has shown they really want him. Western Kentucky would love to have 
him and understands the magnitude of the offers he has but has made 
it clear they would love to have him."
    Spader said Tisdale gets a lot of mail and contact from coaches as 
he's trying to set a summer schedule. He's already visited Alabama 
and Kentucky. The coach thinks if Texas A&M is "heavy on his list" 
that he should visit there.
    "He needs to meet potential teammates and see his comfort level with 
them. I have impressed that on him," Spader said.
    The Bowling Green coach admits he doesn't follow social media 
closely but knows some recent Kentucky commits have reached out to 
Tisdale.
    "Some of the guys that have committed there he has a comfort level 
with and is happy they made their decisions," Spader said. "He 
doesn't say a lot. He loves playing but he does not like to be the 
center of attention and doesn't relish doing interviews."
    Tisdale had an "outstanding" academic year as a junior to make sure 
he was ready academically for college.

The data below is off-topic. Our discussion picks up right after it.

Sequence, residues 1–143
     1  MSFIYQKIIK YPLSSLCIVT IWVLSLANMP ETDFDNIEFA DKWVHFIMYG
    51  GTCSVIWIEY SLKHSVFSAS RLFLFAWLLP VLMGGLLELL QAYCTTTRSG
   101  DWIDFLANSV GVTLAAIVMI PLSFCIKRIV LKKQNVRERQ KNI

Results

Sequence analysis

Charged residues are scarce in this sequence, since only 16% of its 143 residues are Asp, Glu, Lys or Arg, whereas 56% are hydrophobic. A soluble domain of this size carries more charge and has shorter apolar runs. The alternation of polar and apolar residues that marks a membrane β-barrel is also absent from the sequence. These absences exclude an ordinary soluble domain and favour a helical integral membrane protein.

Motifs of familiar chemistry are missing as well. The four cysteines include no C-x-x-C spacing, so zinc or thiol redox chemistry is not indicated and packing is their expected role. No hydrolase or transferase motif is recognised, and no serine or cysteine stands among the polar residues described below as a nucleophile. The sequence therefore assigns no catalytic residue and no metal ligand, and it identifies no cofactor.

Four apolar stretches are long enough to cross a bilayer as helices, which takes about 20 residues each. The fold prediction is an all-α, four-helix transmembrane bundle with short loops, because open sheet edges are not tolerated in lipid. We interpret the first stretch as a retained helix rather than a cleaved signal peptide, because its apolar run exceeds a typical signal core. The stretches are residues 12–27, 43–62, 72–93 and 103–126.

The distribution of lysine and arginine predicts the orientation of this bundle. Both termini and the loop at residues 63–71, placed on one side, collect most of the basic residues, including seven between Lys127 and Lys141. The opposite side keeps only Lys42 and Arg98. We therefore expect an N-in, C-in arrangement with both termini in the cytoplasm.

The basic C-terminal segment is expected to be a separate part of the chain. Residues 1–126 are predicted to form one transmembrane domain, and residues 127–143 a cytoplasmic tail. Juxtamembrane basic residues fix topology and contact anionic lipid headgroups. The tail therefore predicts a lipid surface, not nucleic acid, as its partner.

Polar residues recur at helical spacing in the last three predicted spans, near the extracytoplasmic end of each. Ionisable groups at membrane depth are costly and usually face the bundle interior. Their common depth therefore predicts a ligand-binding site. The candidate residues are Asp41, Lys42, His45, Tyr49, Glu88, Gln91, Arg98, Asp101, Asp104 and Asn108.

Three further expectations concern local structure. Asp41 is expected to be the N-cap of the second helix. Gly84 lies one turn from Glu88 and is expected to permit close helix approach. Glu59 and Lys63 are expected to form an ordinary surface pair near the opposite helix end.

"He did not have a great year academically as a freshman but he has 
battled back," Spader said. "He will be a qualifier (academically). 
He has confidence academically now in what he can do."
Daniel loves to fish
    Growing up in Paintsville, Kash Daniel was a three-sport standout 
and now has become a starting linebacker at Kentucky. However, he's 
never lost his love for fishing.
    "I have fished as long as I can remember. I hunt when I can, but 
fishing is always on my mind. I love fishing and that's always been 
my thing," Daniel said.
    Daniel says there are a lot of things he cannot control in football 
or life. Fishing helps compensate for that.
    "When I am not fishing I am this guy so full of energy and 
enthusiasm. That's just how I go about things," Daniel said. "Fishing 
for me is that counter balance. No cell service. It's just the boat, 
the fishing rod and the birds chirping.
    "Fishing can be stressful. It can be very competitive. I started 
fishing when I was just a little guy and have done tournament fishing 
since I was about 7 or 8."
    Daniel even grew up watching professional fishermen on television 
and even thought about him one day being a pro angler.
Cobb is versatile player
    Randall Cobb viewed himself as a quarterback coming to college after 
his outstanding prep career in Alcoa, Tenn., and did start four games 
at quarterback his freshman season at UK for coach Rich Brooks. His 
sophomore year he played mainly receiver but also returned punts and